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Xbox 360 may fight alongside the PlayStation 3 to help find cures for disease

After the version 1.60 system update for the PlayStation 3, Sony’s console has been capable of lending a helping hand to Stanford University’s Folding@home effort to help find cures to various protein-related diseases. The PlayStation 3 has been contributing more than half of the total processing power of Folding@home, thanks to the power of the Cell Broadband Engine, a point which has been much publicized.

The PS3’s in the distributed computing project has Xbox 360 owners curious if and how well their consoles would work on Folding@home. Peter Moore, VP of Microsoft’s entertainment division, recently addressed that issue saying, “We continue to look at this and see whether there’s real value,” adding that Bill Gates “quite frankly has had a conversation about this” and notes that Gates is interested in applying “philanthropic processing power to big problems.”

“But I’m not quite sure yet whether we’re seeing real tangible results from the PlayStation 3 Folding@Home initiative,” Moore continued. “Then if we truly believe that we can in some way marshall the resources of a much larger installed base of Xbox 360 owners, with a processer that’s of equal power to the PS3, then you have my commitment that we’ll look at that. And if we believe we can add value to solving a gnarly problem such as the medical problems and the health problems that Folding@home seems to be doing, then we’ll certainly look at that very strongly.”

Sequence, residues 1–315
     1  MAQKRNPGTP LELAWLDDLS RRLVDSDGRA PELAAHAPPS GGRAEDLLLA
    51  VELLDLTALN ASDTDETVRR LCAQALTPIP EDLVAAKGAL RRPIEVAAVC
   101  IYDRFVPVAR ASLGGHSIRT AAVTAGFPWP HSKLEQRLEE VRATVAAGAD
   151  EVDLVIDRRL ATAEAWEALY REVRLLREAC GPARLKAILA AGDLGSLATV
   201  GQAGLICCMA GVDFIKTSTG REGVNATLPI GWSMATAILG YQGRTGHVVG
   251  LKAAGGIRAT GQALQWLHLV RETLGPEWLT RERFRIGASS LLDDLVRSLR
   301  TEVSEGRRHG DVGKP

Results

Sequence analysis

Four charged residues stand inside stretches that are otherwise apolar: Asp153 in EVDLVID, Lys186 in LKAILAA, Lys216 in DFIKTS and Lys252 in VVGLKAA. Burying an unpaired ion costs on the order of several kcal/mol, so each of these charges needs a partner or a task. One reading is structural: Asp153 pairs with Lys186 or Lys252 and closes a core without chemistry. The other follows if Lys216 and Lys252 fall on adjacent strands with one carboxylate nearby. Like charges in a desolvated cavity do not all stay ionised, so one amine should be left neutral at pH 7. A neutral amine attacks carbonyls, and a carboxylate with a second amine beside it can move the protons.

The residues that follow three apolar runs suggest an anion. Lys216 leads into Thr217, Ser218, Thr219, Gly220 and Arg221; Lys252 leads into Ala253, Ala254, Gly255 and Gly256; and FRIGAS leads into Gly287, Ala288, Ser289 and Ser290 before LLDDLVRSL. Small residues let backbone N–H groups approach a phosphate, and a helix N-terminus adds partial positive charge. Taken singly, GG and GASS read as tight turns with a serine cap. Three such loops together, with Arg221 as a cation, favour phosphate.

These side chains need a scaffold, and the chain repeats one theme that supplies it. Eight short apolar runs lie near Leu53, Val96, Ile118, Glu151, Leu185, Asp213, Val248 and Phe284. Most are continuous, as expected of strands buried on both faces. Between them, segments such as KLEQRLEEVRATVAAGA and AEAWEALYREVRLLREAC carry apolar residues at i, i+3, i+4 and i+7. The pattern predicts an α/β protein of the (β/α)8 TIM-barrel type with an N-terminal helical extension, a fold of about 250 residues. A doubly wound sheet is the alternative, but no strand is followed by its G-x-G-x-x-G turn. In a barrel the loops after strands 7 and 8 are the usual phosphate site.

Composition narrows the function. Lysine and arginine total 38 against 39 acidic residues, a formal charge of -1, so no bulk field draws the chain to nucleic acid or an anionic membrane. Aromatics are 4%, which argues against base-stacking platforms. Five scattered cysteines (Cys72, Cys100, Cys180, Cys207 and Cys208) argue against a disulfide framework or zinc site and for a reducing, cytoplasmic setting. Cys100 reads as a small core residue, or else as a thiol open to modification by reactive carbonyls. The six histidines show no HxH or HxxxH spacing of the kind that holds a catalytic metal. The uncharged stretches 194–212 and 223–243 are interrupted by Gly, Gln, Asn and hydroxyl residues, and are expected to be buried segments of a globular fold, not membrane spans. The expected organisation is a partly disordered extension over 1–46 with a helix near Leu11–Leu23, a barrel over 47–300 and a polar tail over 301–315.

Recently, Stanford professor and Folding@home program lead Vijay Pande said in an interview that the PlayStation 3’s CPU would be far more effective than the Xbox 360’s CPU.

“We are simulating key processes in protein folding and misfolding in Alzheimer's Disease. PS3's are performing aspects of these simulations, and doing so about 20 times faster than a typical PC,” Pande said. When asked if the Xbox 360 could be of use to the Folding@home program, he answered, “Possibly, although the cell processor in the PS3 is much more powerful for our calculations than the CPU in the Xbox 360.”

Microsoft may not want to participate in Folding@home in fears that the project would point out that the PlayStation 3’s Cell Broadband Engine is faster than the Xbox 360’s Xenon processor at performing protein-folding calculations.

While the Xbox 360 CPU may not be tops in terms of Folding@home, its ATI-developed Xenos GPU could possibly eclipse PS3’s CPU. ATI Radeon GPUs currently running Folding@home are outperforming the PlayStation 3 on a per capita basis. Though whether or not the Xbox 360 will ever get its crack at helping to cure a disease remains to be seen.



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"Moore" like Kutaragi
By bkm32 on 5/11/2007 9:39:48 AM , Rating: 1
I love the pic for this article. It makes Moore look like a raving lunatic. This is no disrespect to Moore, its just a bad pic that is really funny to view. In fact, with his rantings of late (i.e. "rather than focus on failure rates...how were you treated" by CS) and the above pic, he kinda (I know that's not a word) looks like Kutaragi. I guess someone has to carry the crazy-quote mantle now that he's leaving.

Seriously, I think some of the posters here have nailed it on the head--the X360 will crash and burn sooner rather than later if left on 24/7. MS will lose tons in warranty fixes. And they know this.

Expect a F@H in the Fall to coincide with the 65nm chipset around the same time along with a price drop. Then 6 months later expect the warranty to go back down to 90 days provided F@H doesn't break the new architecture.

That 6-month timeframe will be the best time to buy an X360 before MS drastically changes the architecture again and introduces a built Hi-def (BR-DVD or HD-DVD is still TBD) player and game disks will be allowed to take advantage of the increased disk capacity.




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